As Venezuela’s president has responded defiantly after more violent protests in the capital, Christians have been urged to pray for believers in the country. Alan Tower, national director for Christian charity Friends International and former international director of the South American Christian charity, Latin Link, said churches play a central role in the country. “I think we just should be praying for churches to have wisdom,” he said. “They are doing a lot socially, just looking after people’s basic needs, but in terms of where they choose to enter into the political debate needs immense wisdom.
“And we should pray for wisdom and guidance for church leaders to help the current political processes and to be looking after the churches and those that turn to the churches for help.” President Nicolas Maduro has refused to step down from power after opposition leader, Juan Guaido was recognised as interim leader of Venezuela by more than 50 countries, including the US, the UK and most in Latin America. Mr Maduro claimed on state TV that a US-backed coup against him had failed. The opposition leader has called for further action. The violent street battles that erupted in parts of the capital Caracas were the most serious challenge yet to Mr Maduro’s rule.
The rebellion seems to have only limited military support. One high-ranking official however announced he was breaking with Mr Maduro, in a setback for the embattled president. The competing quests to solidify a hold on power capped a tense day that included a moment when several armoured vehicles ploughed into a group of anti-government demonstrators trying to storm the capital’s air base. Tower said the violence against protesters wasn’t a “big surprise”. He explained that Hugo Chávez, the former president of Venezuela and Mr Maduro have been in power for 20 years and had attempted to reposition the country towards heavily state centred control.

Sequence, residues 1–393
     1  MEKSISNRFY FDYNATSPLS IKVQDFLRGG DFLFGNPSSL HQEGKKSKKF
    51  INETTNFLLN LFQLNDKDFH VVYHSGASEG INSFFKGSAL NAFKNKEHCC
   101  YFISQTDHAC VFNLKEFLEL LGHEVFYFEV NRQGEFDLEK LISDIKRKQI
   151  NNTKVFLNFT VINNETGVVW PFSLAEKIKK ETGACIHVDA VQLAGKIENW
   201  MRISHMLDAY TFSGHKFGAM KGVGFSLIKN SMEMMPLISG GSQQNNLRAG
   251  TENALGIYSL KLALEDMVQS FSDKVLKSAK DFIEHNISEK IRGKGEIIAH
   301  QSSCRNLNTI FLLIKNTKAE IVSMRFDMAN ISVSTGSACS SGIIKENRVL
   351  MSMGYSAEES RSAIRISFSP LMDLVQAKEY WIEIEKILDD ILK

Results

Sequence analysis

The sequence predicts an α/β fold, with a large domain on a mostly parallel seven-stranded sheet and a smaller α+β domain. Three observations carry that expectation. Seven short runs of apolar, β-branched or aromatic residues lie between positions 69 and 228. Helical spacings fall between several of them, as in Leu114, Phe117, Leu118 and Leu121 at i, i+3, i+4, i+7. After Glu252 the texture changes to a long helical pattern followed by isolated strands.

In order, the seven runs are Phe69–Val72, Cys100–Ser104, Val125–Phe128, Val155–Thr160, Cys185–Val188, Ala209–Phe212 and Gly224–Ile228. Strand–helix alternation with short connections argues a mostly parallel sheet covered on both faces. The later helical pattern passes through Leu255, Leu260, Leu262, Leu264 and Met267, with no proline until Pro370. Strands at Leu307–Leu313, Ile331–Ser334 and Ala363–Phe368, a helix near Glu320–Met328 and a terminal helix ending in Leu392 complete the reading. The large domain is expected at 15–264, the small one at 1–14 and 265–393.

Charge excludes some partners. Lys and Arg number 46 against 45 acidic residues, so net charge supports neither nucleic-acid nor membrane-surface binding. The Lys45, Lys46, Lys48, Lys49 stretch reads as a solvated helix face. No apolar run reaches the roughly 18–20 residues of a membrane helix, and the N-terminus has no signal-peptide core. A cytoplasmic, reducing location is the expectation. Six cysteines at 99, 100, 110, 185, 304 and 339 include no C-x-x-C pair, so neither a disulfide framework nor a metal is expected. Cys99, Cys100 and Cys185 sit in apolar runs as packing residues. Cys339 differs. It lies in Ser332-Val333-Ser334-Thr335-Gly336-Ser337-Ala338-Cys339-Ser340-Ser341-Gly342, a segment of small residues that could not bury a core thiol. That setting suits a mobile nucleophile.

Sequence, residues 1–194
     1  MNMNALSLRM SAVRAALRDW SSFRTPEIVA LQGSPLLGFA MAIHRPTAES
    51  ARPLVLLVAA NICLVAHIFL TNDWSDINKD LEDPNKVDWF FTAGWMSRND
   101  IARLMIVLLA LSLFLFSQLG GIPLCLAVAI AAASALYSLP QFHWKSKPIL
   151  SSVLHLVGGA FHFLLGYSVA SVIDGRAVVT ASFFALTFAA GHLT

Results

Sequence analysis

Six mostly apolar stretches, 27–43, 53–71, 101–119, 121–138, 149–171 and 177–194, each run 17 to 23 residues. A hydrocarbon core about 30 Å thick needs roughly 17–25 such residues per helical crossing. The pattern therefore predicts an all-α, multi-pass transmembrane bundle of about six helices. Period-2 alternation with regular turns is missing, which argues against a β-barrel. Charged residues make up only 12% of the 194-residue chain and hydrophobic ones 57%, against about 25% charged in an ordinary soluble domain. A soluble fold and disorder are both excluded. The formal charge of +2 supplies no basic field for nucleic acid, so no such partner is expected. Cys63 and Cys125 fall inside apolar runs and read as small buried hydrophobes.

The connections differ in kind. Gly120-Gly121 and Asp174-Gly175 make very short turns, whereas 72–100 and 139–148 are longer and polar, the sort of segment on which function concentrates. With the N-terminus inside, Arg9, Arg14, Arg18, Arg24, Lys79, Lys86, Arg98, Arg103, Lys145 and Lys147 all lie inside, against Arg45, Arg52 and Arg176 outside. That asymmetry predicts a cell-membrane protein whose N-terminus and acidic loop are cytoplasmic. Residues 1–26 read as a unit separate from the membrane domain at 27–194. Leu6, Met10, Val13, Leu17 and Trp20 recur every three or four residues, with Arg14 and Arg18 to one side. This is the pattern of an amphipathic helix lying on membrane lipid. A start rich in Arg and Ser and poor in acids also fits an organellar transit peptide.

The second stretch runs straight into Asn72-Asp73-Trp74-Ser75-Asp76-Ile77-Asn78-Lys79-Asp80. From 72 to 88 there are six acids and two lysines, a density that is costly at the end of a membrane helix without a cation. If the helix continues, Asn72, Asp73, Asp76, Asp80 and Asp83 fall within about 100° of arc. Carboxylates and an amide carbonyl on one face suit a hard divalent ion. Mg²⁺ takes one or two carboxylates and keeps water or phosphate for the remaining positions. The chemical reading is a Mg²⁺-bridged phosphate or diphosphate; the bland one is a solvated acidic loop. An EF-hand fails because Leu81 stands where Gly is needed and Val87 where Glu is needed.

He added: “It’s not a surprise in terms of the trajectory over 20 years, but it’s just becoming more and more extreme. There have been shortages of basic items increasingly over recent years. So more and more are emigrating and those that are there are protesting more loudly and more frequently.” US National Security Adviser John Bolton said the Donald Trump administration was waiting for three key officials, including Mr Maduro’s defence minister and head of the Supreme Court, to act on what he said were private pledges to remove Mr Maduro. He did not provide details.
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